Color Movement – Kate Spanos

March 8, 2012 by Maureen Seaberg @ Tasting the Universe
Found @ Psychology Today

In addition to this very rare form of motion to color synesthesia, Ms. Spanos also has colored letters, numbers, days of the week and spatial sequence synesthesia with a calendar shaped in space where each month has a different color.

“In my synesthesia, I don’t see colors ‘projected’ in front of me, but the colors just exist in my mind’s eye. Also, my synesthesia is relatively mild and does not interfere at all with my life; it only slightly enhances it. It seems to help mostly with memorization and time organization. In dance, it helps me perform a dance the way it is supposed to be performed—for example, thinking of pretty pastel colors helps me make a slip jig light and graceful, while earthy tones in the hornpipe help me stay grounded in the dance” […]

 

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A Mystery? Why do people really wear green on St. Patrick’s Day?

March 16, 2011 by Patricia Walston @ Examiner

(Part One)

For as long as anyone can remember, you dared not appear at school on St. Patrick’s Day in Atlanta without wearing something green.  It didn’t matter if you were Jewish, Italian, or Greek, you would get pinched without anything green on you somewhere.

You would be punished for not wearing green; while way back in the days of old in Ireland you would be hung if you wore green.

Once I remember attending Luckie Street School in Atlanta and got trapped.  I had nothing green on myself. I had been pinched quite enough already when I realized that this Irish gal had green eyes.  I wear my green proudly every day of my life. (It is said that everyone is Irish on St. Patrick’s Day.)

There will be a lot of celebrating St. Patrick’s Day here in Atlanta; and many will wear green and not have a clue as to why.  However, Atlanta got an early start by already having had their parade on.

Now do you know the history behind why you wear green on St. Patrick’s Day?

 

“The Wearing of the Green” Irish street ballad dates to 1798. The context of the song is the repression around the time of the Irish Rebellion against England of 1798.  The song had been attributed to others but it was Dionysius Lardner Boursiquot who received the most credit for the song as it is today.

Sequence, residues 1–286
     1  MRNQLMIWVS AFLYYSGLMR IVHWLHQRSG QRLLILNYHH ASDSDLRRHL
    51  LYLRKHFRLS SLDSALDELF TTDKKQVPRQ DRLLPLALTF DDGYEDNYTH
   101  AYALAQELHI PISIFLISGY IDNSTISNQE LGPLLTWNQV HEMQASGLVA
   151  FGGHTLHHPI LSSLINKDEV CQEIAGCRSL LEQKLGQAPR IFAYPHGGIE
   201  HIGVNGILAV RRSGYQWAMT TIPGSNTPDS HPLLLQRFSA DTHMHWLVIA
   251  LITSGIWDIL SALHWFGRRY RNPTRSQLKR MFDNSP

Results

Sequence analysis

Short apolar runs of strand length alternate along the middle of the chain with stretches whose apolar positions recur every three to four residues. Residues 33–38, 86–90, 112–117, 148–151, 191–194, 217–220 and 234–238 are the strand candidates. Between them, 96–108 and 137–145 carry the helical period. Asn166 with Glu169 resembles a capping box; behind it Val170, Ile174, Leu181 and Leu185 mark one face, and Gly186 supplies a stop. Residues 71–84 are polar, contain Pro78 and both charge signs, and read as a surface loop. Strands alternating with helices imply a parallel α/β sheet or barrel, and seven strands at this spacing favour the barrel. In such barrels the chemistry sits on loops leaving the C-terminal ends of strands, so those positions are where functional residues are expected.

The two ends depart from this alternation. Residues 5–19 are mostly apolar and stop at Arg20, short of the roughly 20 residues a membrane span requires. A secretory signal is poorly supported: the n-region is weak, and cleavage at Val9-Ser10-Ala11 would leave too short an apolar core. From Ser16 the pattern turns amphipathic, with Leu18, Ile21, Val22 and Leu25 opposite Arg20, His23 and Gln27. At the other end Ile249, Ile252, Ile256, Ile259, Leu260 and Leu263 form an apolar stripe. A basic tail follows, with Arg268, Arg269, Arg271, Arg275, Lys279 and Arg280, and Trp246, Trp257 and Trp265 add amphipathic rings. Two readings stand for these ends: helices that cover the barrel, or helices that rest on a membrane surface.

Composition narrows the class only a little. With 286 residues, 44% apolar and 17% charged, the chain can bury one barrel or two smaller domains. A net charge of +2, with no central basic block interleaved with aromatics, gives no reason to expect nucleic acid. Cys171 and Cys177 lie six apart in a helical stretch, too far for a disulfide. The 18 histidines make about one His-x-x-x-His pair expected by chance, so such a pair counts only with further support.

Wearing a shamrock in the “caubeen” (hat) was a sign of rebellion and green was the colour of the Society of the United Irishmen, a republican revolutionary organization. During the period, displaying of revolutionary insignias was made punishable by hanging. The color of England was red as we know from American history as they were called, “The red coats!”

More reading here (Part 2)

Did You Know St. Patrick’s Day Green Begins With Orange and Blue?

March 16, 2011 by Kate Smith @ Sensational Color

To celebrate St. Patrick’s Day Chicago turns the river green and many pubs turn their beer green but did you know that in both cases to create the color of Ireland (from where it got its name “The Emerald Isle.”)  the dye isn’t green?

Turning the river a vibrant green to celebrate St. Patrick’s day has been unique to Chicago for the past 40 years.  When you see the color it turns you might be surprised to learn that the dye used to create this Irish-worthy color isn’t green.

It turns out that the dyestuff used to produce this bright green (originally used to detect leaks that might be polluting the river) starts out the color orange and then as it mixes with the river water it turns green.  According to GreenRiverChicago.com a gentleman named Mike Bailey discovered this fact in 1961 got the idea to use it on a big scale and a tradition was born.

Today this miracle belongs to Mike Butler and his crew, which he claims to always have a little help from a leprechaun who seems to just appear at this time each year […]

For more, click on the link!

 

Beer is to Irish as green beer is St. Patrick’s Day

No St. Patrick’s day would be complete without green beer but if you think that the color comes from green food coloring think again.  Sure you can use green if you want a limey brew but if you want a rich, emerald green use blue instead.   How to make and enjoy green beer […]

For the recipe,  click on the link!